Dr. Valenti: Yeah Forbes probably recently had -- run an article saying physician practice bankruptcy is at the record level, reinforcements and increasing cost and no way to pass those cost on, and what we are at in large responsible for that, and these practices because the hospitals want to control the referrals and because hospitals often times will get paid more than the private office through the same procedure. They want to eat up those practices, get those procedures, and add to the bottom line and then so it's all being kind of a perfect storm for hospitals to strengthen in their position well private practices are left to figure out how they can make ends meet with lower and lower reimbursement and higher and higher cost.
Joan: And what do you think of the Brill article in Time magazine that got a lot of press and people were talking about that quite a bit?
Dr. Valenti: Well, I think it's good to have an article like that, that so many people have access to, to kind of pull back the covers and get some transparency about what the real drivers of cost care and cost of care. I think what patients are going of out is as they shop around and become more educated about where their dollars are going they are going to find out their huge disparities in the same kinds of care perhaps at the same quality levels as well, so I think do well to educate themselves and I think the Time article, the Time new magazine article brings that out pretty well that there are huge disparities in the cost of care and what's driving those disparities.
Joan: Yes, it's certainly yeah certainly made the new there.
Dr. Valenti: Yeah.
Joan: Yeah and a lot of people talking about that. And now what is your next step with the Physicians Foundation? What will it take to have your plan succeed? What can you hope for in the next let's say one year or five years even out further?
Dr. Valenti: Well, I hope very much that the Foundation will be able to achieve the level of data in education such that they will be a group that healthcare [Indiscernible] [0:06:24] makers will look at and speak with when it comes to deciding where policy is going. I think we got a lot of good data and research out there showing what sorts of things are driving care, what things want and expect, what are the key physicians in the country practicing and I think you know it all hinges on the patients ability to get good care and for physicians to be able to deliver good care.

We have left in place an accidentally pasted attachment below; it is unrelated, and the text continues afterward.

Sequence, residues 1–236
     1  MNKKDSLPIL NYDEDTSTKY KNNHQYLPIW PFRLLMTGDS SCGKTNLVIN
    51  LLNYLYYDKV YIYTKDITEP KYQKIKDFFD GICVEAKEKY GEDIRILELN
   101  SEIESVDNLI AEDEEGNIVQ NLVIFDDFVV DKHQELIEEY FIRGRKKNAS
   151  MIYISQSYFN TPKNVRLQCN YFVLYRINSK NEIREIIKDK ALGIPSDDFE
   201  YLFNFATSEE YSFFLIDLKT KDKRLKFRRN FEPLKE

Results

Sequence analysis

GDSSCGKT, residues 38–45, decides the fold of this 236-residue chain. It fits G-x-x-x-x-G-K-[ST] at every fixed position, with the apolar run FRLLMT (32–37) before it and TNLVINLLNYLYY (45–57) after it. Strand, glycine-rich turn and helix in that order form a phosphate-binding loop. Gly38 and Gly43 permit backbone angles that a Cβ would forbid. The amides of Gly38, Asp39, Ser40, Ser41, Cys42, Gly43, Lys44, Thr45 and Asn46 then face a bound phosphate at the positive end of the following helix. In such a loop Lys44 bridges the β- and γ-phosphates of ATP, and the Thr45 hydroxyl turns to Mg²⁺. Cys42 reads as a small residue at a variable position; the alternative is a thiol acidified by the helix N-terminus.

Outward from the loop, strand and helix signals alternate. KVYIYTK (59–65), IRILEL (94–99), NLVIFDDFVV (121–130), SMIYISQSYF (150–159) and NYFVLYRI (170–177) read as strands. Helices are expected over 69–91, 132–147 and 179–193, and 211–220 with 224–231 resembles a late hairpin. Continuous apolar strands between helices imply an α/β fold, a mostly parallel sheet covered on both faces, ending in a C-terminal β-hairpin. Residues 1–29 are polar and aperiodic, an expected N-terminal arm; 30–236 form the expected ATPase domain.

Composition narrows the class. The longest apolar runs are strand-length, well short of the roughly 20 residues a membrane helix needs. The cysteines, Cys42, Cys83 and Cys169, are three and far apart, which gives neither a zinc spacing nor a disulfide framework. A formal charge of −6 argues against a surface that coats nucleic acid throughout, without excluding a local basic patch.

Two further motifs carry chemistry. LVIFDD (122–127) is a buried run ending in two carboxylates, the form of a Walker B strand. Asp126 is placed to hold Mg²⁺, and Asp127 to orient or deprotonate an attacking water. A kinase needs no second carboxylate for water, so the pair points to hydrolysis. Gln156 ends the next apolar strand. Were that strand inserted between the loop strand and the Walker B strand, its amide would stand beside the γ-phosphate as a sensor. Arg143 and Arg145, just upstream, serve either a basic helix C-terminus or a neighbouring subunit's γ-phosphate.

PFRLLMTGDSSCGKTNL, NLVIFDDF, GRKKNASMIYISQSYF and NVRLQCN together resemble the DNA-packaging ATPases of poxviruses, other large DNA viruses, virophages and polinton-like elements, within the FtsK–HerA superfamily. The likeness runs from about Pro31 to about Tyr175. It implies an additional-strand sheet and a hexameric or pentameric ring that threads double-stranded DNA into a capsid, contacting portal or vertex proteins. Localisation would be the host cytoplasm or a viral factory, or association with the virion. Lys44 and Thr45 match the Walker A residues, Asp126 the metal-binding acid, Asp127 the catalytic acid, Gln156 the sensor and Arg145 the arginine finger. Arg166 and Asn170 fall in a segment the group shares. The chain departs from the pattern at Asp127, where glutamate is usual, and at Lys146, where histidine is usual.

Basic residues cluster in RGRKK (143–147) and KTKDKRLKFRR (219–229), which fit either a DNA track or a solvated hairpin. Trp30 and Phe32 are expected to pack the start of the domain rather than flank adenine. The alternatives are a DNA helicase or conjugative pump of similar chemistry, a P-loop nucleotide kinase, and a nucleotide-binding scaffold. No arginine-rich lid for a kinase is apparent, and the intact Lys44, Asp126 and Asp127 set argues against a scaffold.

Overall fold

I mean hospitals are just buildings what makes them hospitals are nurses and doctors and patients, so we have to be able to preserve a certain level of income, and we have to be able to preserve certain level of choice for patients. I think for them to be happy with the kind of care they're getting, and we have to be able to deliver in a very cost effective way and when we start fairing out [Phonetic] [0:07:11] what the cost drivers are, and I think when people started finding out it's not really the physicians that are driving the cost as much as it is to the -- all these other disparities then what more able to adequately address where money is going and how to save money.
Joan: Okay and what's your -- your -- the final question what's your call to action? Let's say for our readers, our people that would read this or read about the Physicians Foundation what, what would you want them to think or what would you want them to hope for, what would you want them to write about or tell their friends about or tell their family about?
Dr. Valenti: Well, I think patients need to educate themselves. I'm continually shocked and surprised that patients purchase insurance and don’t really know what they have purchased so when they find out they need a procedure and they have a huge deductible are there in any 20 plan where they got to be 20% they need to know what they are buying and I think I would strongly recommend people really read their policy not just look at what the basics are as what read what's covered and not covered.
And what the cost are, and I think they're going to be surprised to find out what's really paying for and what is not being paid for. I also think they need to understand under the new healthcare acts or law now, what things are covered and what things are not covered. For instance where we're routine gynecological care [Indiscernible] [0:08:32] exam, birth control that's all -- those are all compensated now.
So patients really need to be aware of that. They need to be more active and I think they really need to find out what are driving cost and make themselves aware that it's probably not their local doctor is trying to keep the doors open for patients that are driving in cost. It's the big players and not the big player in this kind of [Indiscernible] [0:08:58] of the perfect song which is insurance companies, hospitals and doctors.
Joan: Yeah, okay good, very good point. Thank you so much Dr. Valenti. I will certainly keep track of the Physicians Foundation,. We have a really broken healthcare system and there is no quick fix, so something really needs to --
Dr. Valenti: No. We want to say, we want to help fix it because ultimately without happy healthy patients and without excellent providers there really isn't a healthcare system. There isn't anything so we got to have that and we can't let that fall apart.
Joan: And you are working towards it which is great.
Dr. Valenti: We are. We try everyday working towards it.
Joan: Okay, well thank you so much for your time.
Dr. Valenti: Hey thank you for interviewing. I appreciate it.
To see other videos in this series, please go to this page. And if you have a story to tell that can reduce healthcare costs and raise quality of care, please comment below or email me at firstname.lastname@example.org Thanks!
Joan Justice is Executive Director at thePatient Empowerment Network, a global non-for-profit organization dedicated to fortifying the health care consumer with the knowledge and tools to feel more confident playing a central role in decisions that affect their health. Joan has a background in nursing and domestic and international healthcare marketing. Previously, she was the manager of ...